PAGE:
Posted on March 4th, 2014 by Jim McVeigh
PHOENIX – Mayo Clinic will host a special sneak preview of the highly anticipated documentary, Head Games: The Global Concussion Crisis.
WHEN - Saturday, March 8 at 6:30 p.m.
WHERE - the Phoenix campus of Mayo Clinic, 5777 East Mayo Boulevard.
BACKGROUND – From the acclaimed director Steve James (Academy Award-nominated Hoop Dreams, Emmy Award-winning The Interrupters), Head Games: The Global Concussion Crisis is a revealing documentary featuring never-before-seen neurological findings related to rugby and soccer players that will serve as a wake-up call for people who think that the devastating chronic effects of repetitive head trauma are only an American football and boxing injury. Read the rest of this entry »
Posted on February 26th, 2014 by Jim McVeigh
SCOTTSDALE, Ariz. — Feb. 26, 2014 — The future holds promise for multiple sclerosis research based on advancements of the past two decades according to a review from Mayo Clinic neurologists published in Mayo Clinic Proceedings.
The paper states that many people with newly diagnosed or early stage MS are overwhelmed by the combination of uncertain prognosis and the often-unsettling prospect of starting preventive measures that are used indefinitely. However, the authors say that patients and physicians can benefit from an awareness of recent and emerging developments.
“MS is the second most common disabling disease of young adults - it is a lifelong disease with an unpredictable clinical course for the most part,” said Dean Wingerchuk, M.D., Mayo Clinic neurologist and co-author of the review. “That means that people are challenged with making decisions about treatment. It’s important for both the patient and physicians to be aware of current and emerging therapies to make appropriate decisions going forward.”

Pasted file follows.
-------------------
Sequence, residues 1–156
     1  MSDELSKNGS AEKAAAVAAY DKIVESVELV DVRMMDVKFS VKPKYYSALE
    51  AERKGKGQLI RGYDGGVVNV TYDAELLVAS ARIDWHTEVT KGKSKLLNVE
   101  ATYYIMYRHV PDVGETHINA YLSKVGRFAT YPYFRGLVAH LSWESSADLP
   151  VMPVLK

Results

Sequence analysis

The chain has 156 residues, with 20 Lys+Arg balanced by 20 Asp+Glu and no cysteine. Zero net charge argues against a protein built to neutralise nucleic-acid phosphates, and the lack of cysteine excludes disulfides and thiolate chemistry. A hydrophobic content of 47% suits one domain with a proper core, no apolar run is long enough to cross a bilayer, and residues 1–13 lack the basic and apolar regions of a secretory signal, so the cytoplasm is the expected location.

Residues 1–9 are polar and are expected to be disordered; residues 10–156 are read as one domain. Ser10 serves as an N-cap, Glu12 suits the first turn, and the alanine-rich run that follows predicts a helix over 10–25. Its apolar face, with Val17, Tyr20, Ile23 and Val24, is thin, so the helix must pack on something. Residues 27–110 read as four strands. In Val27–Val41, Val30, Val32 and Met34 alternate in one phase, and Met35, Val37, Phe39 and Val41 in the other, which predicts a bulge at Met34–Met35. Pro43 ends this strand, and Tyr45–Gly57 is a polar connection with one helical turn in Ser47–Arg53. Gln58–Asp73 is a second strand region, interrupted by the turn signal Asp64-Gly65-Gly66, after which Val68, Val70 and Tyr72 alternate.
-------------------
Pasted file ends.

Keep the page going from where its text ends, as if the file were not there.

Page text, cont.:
Journalists: Sound bites with Dr. Wingerchuk are available in the downloads.
Dr. Wingerchuk said that MS research has been prolific and that scientific advances in understanding the relapsing form of the disease have led to the recent development of several new treatments. Read the rest of this entry »
Posted on January 16th, 2014 by Jim McVeigh
PHOENIX — Jan. 16, 2014 — Researchers have found that using telemedicine to deliver stroke care, also known as telestroke, appears to be cost-effective for society. The research was recently published in the American Journal of Managed Care.
In telestroke care, the use of a telestroke robot allows a patient with stroke to be examined in real time by a neurology specialist elsewhere who consults via computer with an emergency room physician at another site which may not have neurology specialists (typical rural hospitals). Mayo Clinic provides telestroke care by acting as a single source of specialized care – a hub – to connect a network of multiple hospitals – spokes.
"This study shows that a hub-and-spoke telestroke network is not only cost-effective from the societal perspective, but it's cost-saving,” says neurologist Bart Demaerschalk, M.D., director of the Mayo Clinic Telestroke Program, and the lead investigator of the telestroke cost effectiveness study. “We can assess medical services, like telemedicine, in terms of the net costs to society for each year of life gained." Read the rest of this entry »